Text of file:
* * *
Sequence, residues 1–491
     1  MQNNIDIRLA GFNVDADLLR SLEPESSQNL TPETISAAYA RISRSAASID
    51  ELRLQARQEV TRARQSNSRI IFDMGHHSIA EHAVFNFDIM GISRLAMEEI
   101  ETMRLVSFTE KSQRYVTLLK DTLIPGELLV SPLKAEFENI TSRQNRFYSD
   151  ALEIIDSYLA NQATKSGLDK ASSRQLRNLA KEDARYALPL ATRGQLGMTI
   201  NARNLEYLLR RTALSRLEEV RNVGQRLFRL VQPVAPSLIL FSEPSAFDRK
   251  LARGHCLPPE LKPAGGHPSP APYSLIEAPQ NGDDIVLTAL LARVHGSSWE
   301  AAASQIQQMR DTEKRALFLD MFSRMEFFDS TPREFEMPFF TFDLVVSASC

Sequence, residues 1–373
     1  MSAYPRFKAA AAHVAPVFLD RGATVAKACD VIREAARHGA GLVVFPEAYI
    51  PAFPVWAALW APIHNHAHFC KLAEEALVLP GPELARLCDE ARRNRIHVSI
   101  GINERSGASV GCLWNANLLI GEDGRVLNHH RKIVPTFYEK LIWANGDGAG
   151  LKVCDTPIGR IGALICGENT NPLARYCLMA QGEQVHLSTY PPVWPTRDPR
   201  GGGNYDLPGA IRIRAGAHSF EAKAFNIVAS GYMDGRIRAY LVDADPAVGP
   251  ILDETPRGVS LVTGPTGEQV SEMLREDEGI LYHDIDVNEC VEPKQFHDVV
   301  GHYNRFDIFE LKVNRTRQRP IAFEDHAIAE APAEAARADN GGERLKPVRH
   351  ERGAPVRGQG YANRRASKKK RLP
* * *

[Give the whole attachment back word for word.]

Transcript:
Sequence, residues 1–491
     1  MQNNIDIRLA GFNVDADLLR SLEPESSQNL TPETISAAYA RISRSAASID
    51  ELRLQARQEV TRARQSNSRI IFDMGHHSIA EHAVFNFDIM GISRLAMEEI
   101  ETMRLVSFTE KSQRYVTLLK DTLIPGELLV SPLKAEFENI TSRQNRFYSD
   151  ALEIIDSYLA NQATKSGLDK ASSRQLRNLA KEDARYALPL ATRGQLGMTI
   201  NARNLEYLLR RTALSRLEEV RNVGQRLFRL VQPVAPSLIL FSEPSAFDRK
   251  LARGHCLPPE LKPAGGHPSP APYSLIEAPQ NGDDIVLTAL LARVHGSSWE
   301  AAASQIQQMR DTEKRALFLD MFSRMEFFDS TPREFEMPFF TFDLVVSASC

Sequence, residues 1–373
     1  MSAYPRFKAA AAHVAPVFLD RGATVAKACD VIREAARHGA GLVVFPEAYI
    51  PAFPVWAALW APIHNHAHFC KLAEEALVLP GPELARLCDE ARRNRIHVSI
   101  GINERSGASV GCLWNANLLI GEDGRVLNHH RKIVPTFYEK LIWANGDGAG
   151  LKVCDTPIGR IGALICGENT NPLARYCLMA QGEQVHLSTY PPVWPTRDPR
   201  GGGNYDLPGA IRIRAGAHSF EAKAFNIVAS GYMDGRIRAY LVDADPAVGP
   251  ILDETPRGVS LVTGPTGEQV SEMLREDEGI LYHDIDVNEC VEPKQFHDVV
   301  GHYNRFDIFE LKVNRTRQRP IAFEDHAIAE APAEAARADN GGERLKPVRH
   351  ERGAPVRGQG YANRRASKKK RLP